Tell us more about you (3000 characters)

AJEEC-NISPED is the largest and most established NGO working in the Negev Bedouin community. Staff members come from both the Arab Bedouin and Jewish communities, and model the message of partnership. Given the challenges outlined above, staff members are passionate about EC development and, many bring perspectives from their own lives. A key part of the passion is to ensure that parents are able to be the first educators of their children and that strong families will prevent cultural traditions and pride from being lost as the community forges its own path in its transition to a modern lifestyle. For many of the team members, this project, even more so than others, is personal. Beyond early childhood, program areas include economic development, social enterprises, volunteerism, health, and Jewish-Arab partnership. The aim is for them to be holistic, empowering, and culturally appropriate. Staff members come from the communities that are being served, bringing their innate understandings of the needs and perspectives of the beneficiaries. AJEEC-NISPED maintains strong relationships with local municipal authorities to ensure that programs are coordinated to meet the expectations and gain the acceptance of community stakeholders. The ultimate aim for many of the projects is that eventually they be taken over by local and national government agencies, which will ensure their sustainability and expansion.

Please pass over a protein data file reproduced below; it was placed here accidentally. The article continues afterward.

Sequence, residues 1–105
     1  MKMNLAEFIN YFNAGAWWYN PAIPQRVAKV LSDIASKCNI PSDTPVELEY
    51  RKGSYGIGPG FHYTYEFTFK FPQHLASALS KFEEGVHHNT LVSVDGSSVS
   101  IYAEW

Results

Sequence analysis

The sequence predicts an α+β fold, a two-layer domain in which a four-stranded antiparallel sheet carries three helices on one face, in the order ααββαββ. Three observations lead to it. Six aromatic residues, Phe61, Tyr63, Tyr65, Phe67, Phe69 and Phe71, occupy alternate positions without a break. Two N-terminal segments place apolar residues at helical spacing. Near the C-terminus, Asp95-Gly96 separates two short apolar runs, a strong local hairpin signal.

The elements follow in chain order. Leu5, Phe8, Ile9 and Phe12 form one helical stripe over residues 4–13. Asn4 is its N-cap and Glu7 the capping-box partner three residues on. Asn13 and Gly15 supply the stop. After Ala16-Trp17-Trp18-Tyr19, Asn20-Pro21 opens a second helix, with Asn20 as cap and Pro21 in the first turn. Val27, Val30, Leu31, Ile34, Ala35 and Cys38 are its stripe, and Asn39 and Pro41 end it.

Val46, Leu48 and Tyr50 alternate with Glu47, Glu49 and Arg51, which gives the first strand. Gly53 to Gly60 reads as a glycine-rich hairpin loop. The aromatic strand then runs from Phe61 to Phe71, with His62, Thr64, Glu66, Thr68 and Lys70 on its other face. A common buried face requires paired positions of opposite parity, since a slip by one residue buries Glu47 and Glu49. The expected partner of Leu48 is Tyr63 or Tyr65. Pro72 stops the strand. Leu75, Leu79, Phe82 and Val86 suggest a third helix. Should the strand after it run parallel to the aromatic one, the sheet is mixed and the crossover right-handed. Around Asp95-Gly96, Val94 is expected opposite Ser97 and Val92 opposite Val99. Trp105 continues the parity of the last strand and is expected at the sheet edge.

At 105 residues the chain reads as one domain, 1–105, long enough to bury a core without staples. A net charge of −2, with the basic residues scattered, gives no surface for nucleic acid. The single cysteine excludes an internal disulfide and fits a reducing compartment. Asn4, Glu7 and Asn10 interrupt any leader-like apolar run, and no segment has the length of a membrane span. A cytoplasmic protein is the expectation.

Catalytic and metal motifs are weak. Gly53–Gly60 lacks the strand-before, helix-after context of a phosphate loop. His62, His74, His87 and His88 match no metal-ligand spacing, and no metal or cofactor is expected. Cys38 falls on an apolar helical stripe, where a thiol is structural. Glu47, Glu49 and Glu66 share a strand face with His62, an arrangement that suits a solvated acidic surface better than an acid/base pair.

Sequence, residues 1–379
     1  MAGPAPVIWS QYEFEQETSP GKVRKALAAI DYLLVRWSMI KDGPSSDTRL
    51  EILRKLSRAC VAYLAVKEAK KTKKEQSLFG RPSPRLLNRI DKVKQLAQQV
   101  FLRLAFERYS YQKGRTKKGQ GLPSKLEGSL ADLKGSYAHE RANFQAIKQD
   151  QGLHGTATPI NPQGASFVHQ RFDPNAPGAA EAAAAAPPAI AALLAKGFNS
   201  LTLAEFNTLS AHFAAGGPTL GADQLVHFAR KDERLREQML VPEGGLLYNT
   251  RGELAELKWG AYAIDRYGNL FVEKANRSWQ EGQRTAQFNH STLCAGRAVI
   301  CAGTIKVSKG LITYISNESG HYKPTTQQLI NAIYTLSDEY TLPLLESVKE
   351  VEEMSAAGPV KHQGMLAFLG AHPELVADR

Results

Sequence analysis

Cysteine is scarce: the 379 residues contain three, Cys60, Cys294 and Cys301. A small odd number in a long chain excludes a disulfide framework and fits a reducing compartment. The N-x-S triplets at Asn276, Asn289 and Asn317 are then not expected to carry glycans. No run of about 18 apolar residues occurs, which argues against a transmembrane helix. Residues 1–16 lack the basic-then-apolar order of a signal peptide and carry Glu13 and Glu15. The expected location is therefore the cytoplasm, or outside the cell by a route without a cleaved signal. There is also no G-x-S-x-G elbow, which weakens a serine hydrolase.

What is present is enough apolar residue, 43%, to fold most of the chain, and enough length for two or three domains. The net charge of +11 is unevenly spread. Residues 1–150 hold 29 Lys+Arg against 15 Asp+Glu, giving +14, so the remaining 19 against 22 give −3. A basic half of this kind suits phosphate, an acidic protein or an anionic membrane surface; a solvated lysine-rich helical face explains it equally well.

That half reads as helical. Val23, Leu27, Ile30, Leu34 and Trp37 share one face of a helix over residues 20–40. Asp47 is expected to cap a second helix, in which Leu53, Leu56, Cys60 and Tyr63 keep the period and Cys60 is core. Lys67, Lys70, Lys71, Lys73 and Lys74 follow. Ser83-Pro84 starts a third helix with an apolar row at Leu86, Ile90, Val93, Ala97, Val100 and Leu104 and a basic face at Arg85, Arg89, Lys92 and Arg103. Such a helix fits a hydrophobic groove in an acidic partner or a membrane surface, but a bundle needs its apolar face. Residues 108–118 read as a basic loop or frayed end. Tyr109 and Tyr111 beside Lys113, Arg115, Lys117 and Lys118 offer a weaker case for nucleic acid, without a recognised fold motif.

Do you have the people and partners you need to do what you’ve described? (600 characters)

Generally, yes. Since its inception, Parents as Partners received the enthusiastic support of the local Bedouin authorities in recognized municipalities, who are responsible for providing services to inhabitants of nearby unrecognized villages. It is supported by the national ministries of health, education and welfare, which, while representing a government that demolishes in unrecognized villages, nonetheless provide services to their inhabitants. The local partners are therefore all in place and have a longstanding record of support.